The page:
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Local News

  • Leaders put brakes on Midway parties

    A Sunday evening party thrown weekly at a Midway park has been indefinitely canceled.
    Though the parties were well attended — or perhaps because of that fact — it had inspired the furor of many community members.
    The Midway Police Department posted a message on their Facebook page announcing the cancelation, writing “HANGOUT SUNDAYS in Midway are CANCELED. The event has outgrown the capacity of the City and its resources.”

  • Vehicle fire, explosion snarls traffic

    Rush-hour traffic from Tallahassee into Midway was stalled for nearly 40 minutes this past Thursday afternoon as firefighters extinguished the fire of a blazing PT Cruiser.
    According to the Midway Police Department, the car’s driver was headed to her Midway home when a parallel driver alerted her that her car had caught fire. MPD says the fire appears to have been caused by mechanical issues.
    The woman and her passengers were able to escape the car and find ground a good distance away from it before the car
    exploded.

  • West Gadsden High School grads urged to find their greatness

    West Gadsden High School graduates of the Class of 2016 celebrated the ending of their high-school careers in the school’s packed gym Friday evening surrounded by family and friends.
    In addition to thanking their parents and teachers for assisting them through their matriculation, valedictorian Allison Avelar and salutatorian Evelin Tomas encouraged their fellow graduates to continue striving for success and happiness, or as Tomas said, “keep on swimming.”

  • East Gadsden High School Class of 2016 graduates to surrounded by family, friends
  • GEMS reading scores among state’s highest

    Third-graders at Gadsden Elementary Magnet School and Stewart Street Elementary passed the state’s reading test at a rate far above the state’s 54 percent.
    However, the rest of the county’s third-graders came in below the state average.

  • A/C in the way OK in Quincy

    Quincy commissioners saved the Men of Action a $5,000 headache when they granted the nonprofit a license agreement authorizing the organization to keep their air conditioners situated on a piece of city property near the organization’s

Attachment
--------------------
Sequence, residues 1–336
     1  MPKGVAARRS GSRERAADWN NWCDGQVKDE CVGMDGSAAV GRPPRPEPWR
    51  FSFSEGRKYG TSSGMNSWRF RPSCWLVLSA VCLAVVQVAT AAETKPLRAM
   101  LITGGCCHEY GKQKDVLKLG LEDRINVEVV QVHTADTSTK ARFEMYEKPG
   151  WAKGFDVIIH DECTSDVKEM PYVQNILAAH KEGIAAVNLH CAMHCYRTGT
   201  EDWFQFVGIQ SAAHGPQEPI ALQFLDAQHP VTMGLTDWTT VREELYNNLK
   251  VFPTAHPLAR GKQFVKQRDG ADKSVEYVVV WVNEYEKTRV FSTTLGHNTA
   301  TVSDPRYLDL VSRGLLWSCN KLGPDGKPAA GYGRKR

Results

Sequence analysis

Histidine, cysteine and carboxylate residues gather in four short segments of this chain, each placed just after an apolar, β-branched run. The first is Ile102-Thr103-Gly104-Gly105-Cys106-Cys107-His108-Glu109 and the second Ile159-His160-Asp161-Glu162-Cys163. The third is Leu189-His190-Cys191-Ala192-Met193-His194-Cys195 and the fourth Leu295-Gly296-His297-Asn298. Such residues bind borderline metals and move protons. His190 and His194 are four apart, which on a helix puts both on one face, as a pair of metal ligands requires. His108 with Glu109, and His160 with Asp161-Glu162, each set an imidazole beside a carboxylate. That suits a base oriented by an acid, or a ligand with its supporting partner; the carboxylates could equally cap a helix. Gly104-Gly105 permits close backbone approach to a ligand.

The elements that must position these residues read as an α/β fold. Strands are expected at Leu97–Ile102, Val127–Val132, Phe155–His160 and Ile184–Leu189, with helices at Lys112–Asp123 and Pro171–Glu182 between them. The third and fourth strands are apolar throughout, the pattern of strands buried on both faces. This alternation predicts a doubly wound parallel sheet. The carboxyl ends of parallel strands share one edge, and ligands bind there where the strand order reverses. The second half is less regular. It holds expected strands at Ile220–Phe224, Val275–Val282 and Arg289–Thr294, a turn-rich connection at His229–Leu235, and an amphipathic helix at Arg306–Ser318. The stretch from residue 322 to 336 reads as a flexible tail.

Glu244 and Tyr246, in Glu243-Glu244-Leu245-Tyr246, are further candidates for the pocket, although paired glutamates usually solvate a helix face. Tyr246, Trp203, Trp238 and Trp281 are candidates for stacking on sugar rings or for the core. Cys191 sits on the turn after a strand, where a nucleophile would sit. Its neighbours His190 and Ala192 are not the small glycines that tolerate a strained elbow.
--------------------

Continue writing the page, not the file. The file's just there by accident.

headquarters.
    Men of Action’s backing financial institution had notified the nonprofit that the equipment encroachment into city property created a risk that could require the city to ask the nonprofit to move the air conditioner any time.

  • Thronging to Quincyfest
  • Midway leaders mull party problems

    Although they didn’t make any decisions at their May meeting this past Thursday, Midway council members entertained the most recent city news and citizen opinion on a Sunday park party causing controversy in the city.
    City Manager Auburn Ford announced the city had been one of only five in the state to apply for housing applications through Community Development Block Grants (CDBG) and all the applicants had been selected. He said the city may receive up to $750,000 to help residents with housing problems and will begin finding residents for the program in June.

  • Community group continues effort to improve life in Gadsden County

    More representatives from community agencies and concerned citizens connected Thursday evening as Step Up for Gadsden had its most recent meeting.
    The areas for improvement discussed were education, economic development, community safety, community-wide health and quality of life, with a room designated for the discussion of each. Attendees could attend two meetings and then the larger group reconvened to discuss the suggestions made for making achievement gaps in each topic.

  • Former state hospital resident gets 10 years for role in beating death

    Former State Hospital resident Deontra French was sentenced to 10 years in prison Thursday afternoon, May 5, for his role in the beating death of another resident last February.
    After his time in prison, which will be commuted by 414 days for time served, French will be on probation for five years, ruled 2nd Judicial Circuit Court Judge Barbara K. Hobbs.